Thursday, April 18, 2024

VIEW FROM SHANGHAI – cONNECTIONS

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Thirteen Caribbean countries classified as borrowing member countries of the Caribbean Development Bank (CDB), in addition to Suriname which is not yet a member of the bank, have been participating in the Shanghai World Expo 2010, hosted by China. They are showcasing their countries in the CARICOM Pavilion.  
The other CDB member countries – Canada, Colombia, Germany, Italy, Mexico, Britain and Venezuela – are also participating in the Expo in their own individual pavilions.
A joint communiqué issued after the China-Caribbean Consultation in The Bahamas in May of this year stated: “The Chinese side expressed appreciation to the Caribbean side for its support for and active involvement in the Expo 2010 Shanghai China. The Caribbean side commended the Chinese side for facilitating the joint participation of the Caribbean countries and expressed its pleasure in contributing to the success of the Expo.”
The People’s Republic of China joined CDB in 1998, and is classified as a non-regional member of the bank. As such, Chinese contractors are eligible to bid for projects financed by CDB. Chinese firms have been involved, not without controversy, in construction projects in the region through the connection to CDB and also by way of bilateral arrangements with individual countries.  
For example, they’ve built a stadium in Grenada and the Garfield Sobers Sporting Complex in Barbados.
But Sino-Caribbean relations have a much longer history. Chinese first migrated to the British Caribbean in significant numbers in the mid-19th century and settled mainly in the former British West Indies colonies of Trinidad, Jamaica and British Guiana, now Guyana.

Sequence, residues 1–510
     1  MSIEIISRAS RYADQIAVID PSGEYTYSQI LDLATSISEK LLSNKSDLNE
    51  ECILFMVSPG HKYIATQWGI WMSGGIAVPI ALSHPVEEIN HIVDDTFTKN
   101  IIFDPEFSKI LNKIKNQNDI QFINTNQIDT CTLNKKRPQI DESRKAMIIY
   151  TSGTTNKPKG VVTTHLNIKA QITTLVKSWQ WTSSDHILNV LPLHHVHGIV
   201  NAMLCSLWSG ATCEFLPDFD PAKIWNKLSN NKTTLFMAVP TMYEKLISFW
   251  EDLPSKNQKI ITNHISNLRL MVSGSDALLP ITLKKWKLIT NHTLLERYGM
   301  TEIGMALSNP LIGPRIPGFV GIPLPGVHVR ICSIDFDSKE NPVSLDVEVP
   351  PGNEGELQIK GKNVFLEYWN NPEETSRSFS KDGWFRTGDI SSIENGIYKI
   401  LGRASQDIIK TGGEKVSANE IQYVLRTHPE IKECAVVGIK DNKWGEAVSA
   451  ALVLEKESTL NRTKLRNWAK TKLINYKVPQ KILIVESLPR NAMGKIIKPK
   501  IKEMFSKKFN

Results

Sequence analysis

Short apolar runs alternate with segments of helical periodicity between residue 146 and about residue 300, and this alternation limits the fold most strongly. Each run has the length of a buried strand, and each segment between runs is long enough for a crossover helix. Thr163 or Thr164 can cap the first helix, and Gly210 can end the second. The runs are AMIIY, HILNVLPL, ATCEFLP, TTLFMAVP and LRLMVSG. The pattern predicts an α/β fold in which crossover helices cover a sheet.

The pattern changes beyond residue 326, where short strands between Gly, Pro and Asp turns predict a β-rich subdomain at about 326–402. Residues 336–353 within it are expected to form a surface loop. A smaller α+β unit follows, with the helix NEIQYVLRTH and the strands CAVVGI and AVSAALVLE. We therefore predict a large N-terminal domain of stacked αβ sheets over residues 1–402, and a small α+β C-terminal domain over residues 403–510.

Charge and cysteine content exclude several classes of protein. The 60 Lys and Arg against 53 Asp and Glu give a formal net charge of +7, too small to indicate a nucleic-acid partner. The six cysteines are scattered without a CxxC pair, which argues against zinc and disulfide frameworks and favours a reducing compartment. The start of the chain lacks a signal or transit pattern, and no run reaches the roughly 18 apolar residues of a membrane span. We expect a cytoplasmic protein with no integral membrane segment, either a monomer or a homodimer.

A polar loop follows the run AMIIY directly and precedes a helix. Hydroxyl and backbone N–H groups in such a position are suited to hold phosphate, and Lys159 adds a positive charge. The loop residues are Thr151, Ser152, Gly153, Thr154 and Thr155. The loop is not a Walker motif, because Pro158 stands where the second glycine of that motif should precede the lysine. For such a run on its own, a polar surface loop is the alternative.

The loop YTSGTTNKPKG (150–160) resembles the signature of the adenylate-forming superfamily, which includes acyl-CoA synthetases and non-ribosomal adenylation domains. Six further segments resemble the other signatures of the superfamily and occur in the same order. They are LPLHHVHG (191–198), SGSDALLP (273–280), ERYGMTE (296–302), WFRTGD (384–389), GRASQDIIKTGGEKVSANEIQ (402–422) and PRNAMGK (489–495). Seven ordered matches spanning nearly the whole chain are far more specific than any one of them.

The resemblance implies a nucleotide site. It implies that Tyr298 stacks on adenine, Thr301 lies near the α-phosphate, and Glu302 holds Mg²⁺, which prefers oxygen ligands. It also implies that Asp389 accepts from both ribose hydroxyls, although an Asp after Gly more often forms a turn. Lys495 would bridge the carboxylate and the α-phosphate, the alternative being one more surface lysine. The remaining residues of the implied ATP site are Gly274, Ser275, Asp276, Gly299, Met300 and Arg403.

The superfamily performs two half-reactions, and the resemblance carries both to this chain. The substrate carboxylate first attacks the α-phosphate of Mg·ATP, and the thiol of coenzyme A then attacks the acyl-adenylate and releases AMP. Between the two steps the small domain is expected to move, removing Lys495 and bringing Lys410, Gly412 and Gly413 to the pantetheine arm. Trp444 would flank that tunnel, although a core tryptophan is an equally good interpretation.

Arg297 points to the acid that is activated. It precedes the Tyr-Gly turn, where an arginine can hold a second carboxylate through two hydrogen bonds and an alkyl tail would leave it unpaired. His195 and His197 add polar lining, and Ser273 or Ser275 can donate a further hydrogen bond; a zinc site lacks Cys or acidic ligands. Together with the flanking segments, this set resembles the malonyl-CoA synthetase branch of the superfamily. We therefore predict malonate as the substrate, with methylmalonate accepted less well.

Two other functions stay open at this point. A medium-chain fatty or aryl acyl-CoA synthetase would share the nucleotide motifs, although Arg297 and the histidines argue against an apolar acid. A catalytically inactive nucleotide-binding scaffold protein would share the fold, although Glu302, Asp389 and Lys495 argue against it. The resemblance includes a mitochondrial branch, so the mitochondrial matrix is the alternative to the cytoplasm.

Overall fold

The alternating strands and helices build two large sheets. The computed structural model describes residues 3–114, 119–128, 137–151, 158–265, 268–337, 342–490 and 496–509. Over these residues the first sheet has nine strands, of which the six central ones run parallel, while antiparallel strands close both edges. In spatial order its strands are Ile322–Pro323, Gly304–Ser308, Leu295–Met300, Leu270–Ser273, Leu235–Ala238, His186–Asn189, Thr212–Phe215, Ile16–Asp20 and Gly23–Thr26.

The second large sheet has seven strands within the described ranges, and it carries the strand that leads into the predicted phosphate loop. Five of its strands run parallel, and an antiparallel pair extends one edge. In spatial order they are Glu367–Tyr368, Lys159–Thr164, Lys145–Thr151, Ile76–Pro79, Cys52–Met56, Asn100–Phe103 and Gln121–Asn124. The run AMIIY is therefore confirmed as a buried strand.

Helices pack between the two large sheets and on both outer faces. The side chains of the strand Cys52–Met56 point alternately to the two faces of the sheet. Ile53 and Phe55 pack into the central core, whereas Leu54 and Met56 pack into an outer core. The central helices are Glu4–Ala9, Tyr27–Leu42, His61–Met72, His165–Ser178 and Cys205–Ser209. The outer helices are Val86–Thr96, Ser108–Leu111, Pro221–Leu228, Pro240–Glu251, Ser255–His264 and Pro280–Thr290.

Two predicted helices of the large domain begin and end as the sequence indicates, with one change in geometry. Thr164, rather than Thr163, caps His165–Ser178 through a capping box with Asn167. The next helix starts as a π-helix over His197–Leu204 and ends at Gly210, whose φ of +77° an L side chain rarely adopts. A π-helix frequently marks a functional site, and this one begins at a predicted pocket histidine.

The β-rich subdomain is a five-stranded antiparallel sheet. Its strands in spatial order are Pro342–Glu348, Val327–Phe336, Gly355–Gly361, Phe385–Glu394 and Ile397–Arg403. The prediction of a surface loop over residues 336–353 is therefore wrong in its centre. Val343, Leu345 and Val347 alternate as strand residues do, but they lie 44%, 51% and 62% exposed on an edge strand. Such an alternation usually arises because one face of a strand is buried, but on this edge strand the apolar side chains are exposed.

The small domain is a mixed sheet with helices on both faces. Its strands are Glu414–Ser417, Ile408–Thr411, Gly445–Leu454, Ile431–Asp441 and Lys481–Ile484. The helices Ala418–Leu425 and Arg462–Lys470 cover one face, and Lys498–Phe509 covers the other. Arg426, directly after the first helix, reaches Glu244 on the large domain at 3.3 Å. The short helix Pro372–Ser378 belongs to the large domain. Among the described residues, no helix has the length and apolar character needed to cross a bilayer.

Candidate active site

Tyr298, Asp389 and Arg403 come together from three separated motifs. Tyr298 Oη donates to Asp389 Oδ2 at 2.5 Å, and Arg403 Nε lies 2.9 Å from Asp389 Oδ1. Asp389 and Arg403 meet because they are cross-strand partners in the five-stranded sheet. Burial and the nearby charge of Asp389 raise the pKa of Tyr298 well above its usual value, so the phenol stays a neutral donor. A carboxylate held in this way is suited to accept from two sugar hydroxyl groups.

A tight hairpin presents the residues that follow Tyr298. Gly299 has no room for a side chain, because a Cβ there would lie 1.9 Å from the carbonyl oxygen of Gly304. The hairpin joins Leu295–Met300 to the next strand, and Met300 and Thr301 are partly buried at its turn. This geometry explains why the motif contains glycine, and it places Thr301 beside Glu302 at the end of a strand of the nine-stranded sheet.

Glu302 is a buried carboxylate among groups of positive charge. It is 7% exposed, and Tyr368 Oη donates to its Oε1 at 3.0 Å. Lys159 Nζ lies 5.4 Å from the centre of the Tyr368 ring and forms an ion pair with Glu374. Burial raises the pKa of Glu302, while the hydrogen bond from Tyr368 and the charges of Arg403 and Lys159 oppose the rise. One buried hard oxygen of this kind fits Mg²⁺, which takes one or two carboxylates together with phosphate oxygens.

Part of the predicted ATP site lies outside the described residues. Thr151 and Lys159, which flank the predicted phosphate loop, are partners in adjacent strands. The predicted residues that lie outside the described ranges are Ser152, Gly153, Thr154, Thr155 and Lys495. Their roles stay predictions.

Chinese migration to Trinidad began with the arrival of 192 passengers on board the ship Fortitude in 1806. Most of the immigrants were sent to the sugar plantations; some became artisans, peasant farmers, butchers, shopkeepers, carpenters and market gardeners.  
Trinidad’s first governor general Sir Solomon Hochoy; its current president George Maxwell Richards; and Edwin Ayoung, whom you might know as the calypsonian Crazy, are descended from these immigrants.
In 1854, the first two ships bearing Chinese immigrant workers arrived in Jamaica. Some prominent Jamaicans of Chinese ancestry include billionaire entrepreneur and philanthropist Michael Lee-Chin; the late master musician Byron Lee; and recording artist Sean Paul, whose mother is of Chinese Jamaican heritage.
The first batch of Chinese arrived in British Guiana in 1853, to be quickly followed by two others. The period 1859 to 1867 was the peak in terms of Chinese immigration. Arthur Raymond Chung, OE, who served as Guyana’s first president, is of Chinese ancestry.  
I don’t know if there’s any relation between him and my Guyanese colleague Alan Chung, manager technology solutions unit of CDB’s IT Department, who’s also a descendant of Chinese immigrants.  
So with all these historical links, I like to imagine that some of the people I’ve been passing on the street here in Shanghai who so resemble people I know back home might share some ancestral DNA. On several levels we are all connected.  

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